Football mourns Germany keeper Enke

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Germany goalkeeper Robert Enke, who committed suicide yesterday evening, had been battling depression and was first treated for the illness in 2003.

The 32-year-old Hannover stopper was struck by a regional train travelling between Norddeich and Hanover at a railway crossing in Neustadt am Rubenberge and died at the scene.

Enke's widow Teresa and his psychologist Dr Valentin Markser appeared at a press conference at Hannover's AWD-Arena this afternoon to explain the background to his death.

Enke was first treated for depression during his time at Barcelona, for whom he made only one Primera Division appearance.

His widow revealed he feared that their adopted daughter Leila would be taken away if the illness became public knowledge.

The couple adopted the eight-month-old in May. They lost their biological daughter Lara in 2006 when she died of a rare heart condition at the age of just two.

Teresa Enke said: "I tried to be there for him, said that football is not everything. There are many beautiful things in life. It is not hopeless.

"We had Lara, we have Leila.

"I always wanted to help him to get through it. He didn't want it to come out because of fear. He was scared of losing Leila."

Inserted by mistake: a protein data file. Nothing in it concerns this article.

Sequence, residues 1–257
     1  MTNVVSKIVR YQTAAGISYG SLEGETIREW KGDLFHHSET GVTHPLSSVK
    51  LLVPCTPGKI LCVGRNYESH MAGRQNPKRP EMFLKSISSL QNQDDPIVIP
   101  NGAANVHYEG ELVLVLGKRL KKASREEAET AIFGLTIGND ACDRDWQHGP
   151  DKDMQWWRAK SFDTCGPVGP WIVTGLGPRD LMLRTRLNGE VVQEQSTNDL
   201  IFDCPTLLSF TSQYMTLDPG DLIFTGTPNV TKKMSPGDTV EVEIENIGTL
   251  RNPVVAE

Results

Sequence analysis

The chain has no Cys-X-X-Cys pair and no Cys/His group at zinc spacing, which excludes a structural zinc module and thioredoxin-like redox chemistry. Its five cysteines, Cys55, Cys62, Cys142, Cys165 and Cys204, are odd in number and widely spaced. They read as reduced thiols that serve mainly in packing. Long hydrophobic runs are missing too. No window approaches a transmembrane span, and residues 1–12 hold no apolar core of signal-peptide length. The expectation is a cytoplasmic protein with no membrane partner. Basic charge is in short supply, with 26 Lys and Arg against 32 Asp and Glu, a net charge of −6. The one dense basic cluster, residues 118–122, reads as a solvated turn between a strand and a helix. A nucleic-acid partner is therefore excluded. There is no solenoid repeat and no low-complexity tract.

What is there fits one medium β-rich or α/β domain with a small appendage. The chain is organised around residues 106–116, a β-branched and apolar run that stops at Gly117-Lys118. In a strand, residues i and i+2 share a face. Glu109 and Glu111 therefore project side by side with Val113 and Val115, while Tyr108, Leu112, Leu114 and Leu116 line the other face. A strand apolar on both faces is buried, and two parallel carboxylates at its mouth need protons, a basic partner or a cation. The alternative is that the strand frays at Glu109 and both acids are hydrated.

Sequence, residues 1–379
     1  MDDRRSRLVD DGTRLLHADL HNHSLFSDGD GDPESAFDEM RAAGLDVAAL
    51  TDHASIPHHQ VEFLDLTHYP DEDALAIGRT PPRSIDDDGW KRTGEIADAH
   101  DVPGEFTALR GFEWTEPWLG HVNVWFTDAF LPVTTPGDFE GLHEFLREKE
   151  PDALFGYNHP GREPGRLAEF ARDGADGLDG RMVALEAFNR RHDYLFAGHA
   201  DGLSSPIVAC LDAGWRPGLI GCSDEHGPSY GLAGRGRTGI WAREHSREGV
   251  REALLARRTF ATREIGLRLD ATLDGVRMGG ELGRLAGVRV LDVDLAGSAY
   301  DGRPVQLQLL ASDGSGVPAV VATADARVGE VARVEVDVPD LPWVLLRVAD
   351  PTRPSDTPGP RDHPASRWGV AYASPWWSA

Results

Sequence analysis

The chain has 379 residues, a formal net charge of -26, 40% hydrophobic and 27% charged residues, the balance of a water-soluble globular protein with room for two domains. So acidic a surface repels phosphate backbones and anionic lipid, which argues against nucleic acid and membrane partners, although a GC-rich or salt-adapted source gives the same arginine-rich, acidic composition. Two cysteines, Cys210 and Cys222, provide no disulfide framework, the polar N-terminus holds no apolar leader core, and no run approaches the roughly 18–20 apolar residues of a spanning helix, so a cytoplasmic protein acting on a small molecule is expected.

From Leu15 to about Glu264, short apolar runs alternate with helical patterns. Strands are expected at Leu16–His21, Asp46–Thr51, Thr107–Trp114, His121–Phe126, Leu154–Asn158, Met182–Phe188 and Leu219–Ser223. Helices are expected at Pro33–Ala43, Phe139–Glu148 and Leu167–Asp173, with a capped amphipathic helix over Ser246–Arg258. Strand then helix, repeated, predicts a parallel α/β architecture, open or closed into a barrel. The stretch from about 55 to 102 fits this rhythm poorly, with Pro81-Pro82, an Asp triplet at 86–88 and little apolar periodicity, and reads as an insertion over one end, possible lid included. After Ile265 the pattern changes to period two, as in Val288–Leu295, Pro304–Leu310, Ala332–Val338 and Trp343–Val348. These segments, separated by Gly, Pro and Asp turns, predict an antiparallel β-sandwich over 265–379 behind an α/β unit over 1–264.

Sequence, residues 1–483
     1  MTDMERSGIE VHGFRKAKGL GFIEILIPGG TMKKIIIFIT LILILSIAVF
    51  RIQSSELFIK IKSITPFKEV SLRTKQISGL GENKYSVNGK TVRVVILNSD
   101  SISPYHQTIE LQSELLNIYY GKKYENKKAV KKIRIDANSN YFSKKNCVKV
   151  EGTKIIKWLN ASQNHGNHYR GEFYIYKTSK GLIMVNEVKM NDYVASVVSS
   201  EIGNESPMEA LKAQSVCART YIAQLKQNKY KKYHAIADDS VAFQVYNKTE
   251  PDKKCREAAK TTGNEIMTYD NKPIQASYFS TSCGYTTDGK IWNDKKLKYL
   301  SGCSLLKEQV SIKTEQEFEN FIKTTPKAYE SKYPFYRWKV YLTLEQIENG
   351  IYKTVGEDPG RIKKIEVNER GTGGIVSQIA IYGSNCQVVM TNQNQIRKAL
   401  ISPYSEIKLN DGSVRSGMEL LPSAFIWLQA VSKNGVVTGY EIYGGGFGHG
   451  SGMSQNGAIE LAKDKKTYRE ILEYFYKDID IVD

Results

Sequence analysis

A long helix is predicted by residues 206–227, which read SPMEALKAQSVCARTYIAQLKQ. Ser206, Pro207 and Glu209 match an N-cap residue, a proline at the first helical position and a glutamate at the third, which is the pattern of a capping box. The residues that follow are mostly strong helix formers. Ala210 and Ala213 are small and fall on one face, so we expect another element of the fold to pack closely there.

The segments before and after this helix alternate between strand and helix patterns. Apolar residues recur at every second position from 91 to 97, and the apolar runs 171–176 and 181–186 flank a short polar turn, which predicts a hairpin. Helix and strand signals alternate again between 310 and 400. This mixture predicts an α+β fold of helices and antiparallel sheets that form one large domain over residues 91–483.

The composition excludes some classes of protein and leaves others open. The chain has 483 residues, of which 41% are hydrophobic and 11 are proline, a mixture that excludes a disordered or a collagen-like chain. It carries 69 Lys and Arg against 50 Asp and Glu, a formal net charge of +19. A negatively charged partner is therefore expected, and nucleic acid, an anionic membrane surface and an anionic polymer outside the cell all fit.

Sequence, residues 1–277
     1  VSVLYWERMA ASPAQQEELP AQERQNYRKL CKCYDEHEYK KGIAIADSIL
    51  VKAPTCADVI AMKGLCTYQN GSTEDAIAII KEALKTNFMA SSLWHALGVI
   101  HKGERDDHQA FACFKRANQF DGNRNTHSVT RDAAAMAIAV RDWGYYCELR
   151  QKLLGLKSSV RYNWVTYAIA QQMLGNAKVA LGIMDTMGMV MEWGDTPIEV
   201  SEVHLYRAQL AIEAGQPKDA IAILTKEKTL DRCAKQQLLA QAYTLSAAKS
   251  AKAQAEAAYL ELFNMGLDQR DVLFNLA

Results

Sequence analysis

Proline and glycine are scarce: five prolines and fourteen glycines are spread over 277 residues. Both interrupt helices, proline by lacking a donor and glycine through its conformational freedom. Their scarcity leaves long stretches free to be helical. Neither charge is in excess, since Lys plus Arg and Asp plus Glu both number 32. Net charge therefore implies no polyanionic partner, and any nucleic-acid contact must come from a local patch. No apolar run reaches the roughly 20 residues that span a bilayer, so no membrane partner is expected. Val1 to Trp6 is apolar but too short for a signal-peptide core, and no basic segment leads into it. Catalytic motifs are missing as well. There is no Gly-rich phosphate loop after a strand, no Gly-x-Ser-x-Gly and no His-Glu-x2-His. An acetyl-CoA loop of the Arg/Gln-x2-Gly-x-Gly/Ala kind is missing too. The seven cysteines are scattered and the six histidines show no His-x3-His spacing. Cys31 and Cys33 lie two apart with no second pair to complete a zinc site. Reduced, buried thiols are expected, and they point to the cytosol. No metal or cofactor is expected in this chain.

Teresa Enke added: "It is the fear of what people will think when you have a child and the father suffers from depression.

"I always said to him that that is not a problem.

"Robert cared for Leila with love - until the end."

She continued: "When he was acutely depressed, then that was a tough time. That is clear because he thought there was no hope of a recovery on the horizon for him.

"After Lara's death everything drew us closer together, we thought that we would achieve everything.

"I tried to tell him that there is always a solution.

"I drove to training with him. I wanted to help him to get through it.

"He didn't want to accept help any more."

Teresa Enke revealed football offered a release for her husband.

"Football was everything," she said. "It was his life. The team gave him security.

"When he started to get better again he said it's so nice to be part of the team again.

"Training was his security. That he could drive to training every time was the most important thing for him."